Tag Archives: comprehensive spending review

Social enterprise in the council contracts ‘market’

Amongst the deluge of (often anguished) reaction to last week’s Comprehensive Spending Review have been some interesting points from leading figures in the social enterprise world. For example, in June, Social Enterprise Coalition chief executive, Peter Holbrook, was sure that our time had come. Four months on, this view has now been significantly revised to something along the lines of ‘our time would’ve come, if only the people who might pay us to do stuff had the foggiest idea about who we are and what we do’.

Holbrook’s concern is that, charged with shaving millions from the cost of delivering public services, councils will act quickly to dish out contracts to established private sector providers rather than exploring social enterprise options that will ultimately offer a better overall impact.

Referring to local government commissioners, Holbrook told Social Enterprise magazine that: “Many don’t know about the social enterprise movement and could miss opportunities to commission better services or enable public sector staff to create social enterprises, and there is evidence that this is already happening,” and added that “Social enterprise must not lose out to the private sector simply because commissioners already know that private sector providers exist locally. The danger will be that social enterprises will not be considered or invited to tender, even though they are experienced and good at making savings while protecting the quality of services.

Ok, fair enough. But then he calls on the government to step in: “Before local authorities make further cuts to services to satisfy the 7.1 per cent annual chop in their budgets, central government must take steps to remove the barriers that prevent social enterprise delivering services, otherwise they risk being pushed out of the market, which would be a disaster at this point.

While I’m not known for my sympathy towards the lobby, I don’t think this is a wholly mistaken intervention. Holbrook is absolutely right to suggest that conventional approaches to austerity outsourcing don’t favour social enterprises (most of whom are fairly small). The question is what, if anything, government can or should do about the situation he describes.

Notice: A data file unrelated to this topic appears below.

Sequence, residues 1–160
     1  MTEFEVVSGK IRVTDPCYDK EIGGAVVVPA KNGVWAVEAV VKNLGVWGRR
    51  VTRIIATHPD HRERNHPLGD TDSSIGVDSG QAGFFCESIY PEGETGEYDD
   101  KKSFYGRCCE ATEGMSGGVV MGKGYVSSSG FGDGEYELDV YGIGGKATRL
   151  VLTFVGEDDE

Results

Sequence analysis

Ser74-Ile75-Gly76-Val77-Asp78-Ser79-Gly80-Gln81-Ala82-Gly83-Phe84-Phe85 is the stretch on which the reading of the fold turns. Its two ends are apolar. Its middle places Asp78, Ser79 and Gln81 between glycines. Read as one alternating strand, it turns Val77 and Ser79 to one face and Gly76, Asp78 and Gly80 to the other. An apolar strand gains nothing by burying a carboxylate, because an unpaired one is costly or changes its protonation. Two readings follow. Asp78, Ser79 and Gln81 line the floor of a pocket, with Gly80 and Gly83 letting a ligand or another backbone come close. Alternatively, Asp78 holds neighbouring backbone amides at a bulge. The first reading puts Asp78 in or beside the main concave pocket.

My instinctive reaction, as someone who runs a social enterprise, is that if my social enterprise is capable of delivering a service but the people who might commission me to deliver that service have never heard of me, that’s primarily my fault. Maybe my company has been so busy fulfilling existing contracts or funding agreements that we haven’t had time to spread the word about who we are and what we do but, if that’s the case, that’s hardly an argument in favour of our ability to be able to take on additional business if it becomes available.

There are lots of barriers that make it hard to move from being a tiny company to a fairly small one and from a fairly small company to a medium-sized one – including being able to allot enough staff time to putting in tenders for the contracts you have been lucky enough to find out about – but is it possible (or right) for the government to intervene to make that process easier for social enterprises that it is for other hard-working business people.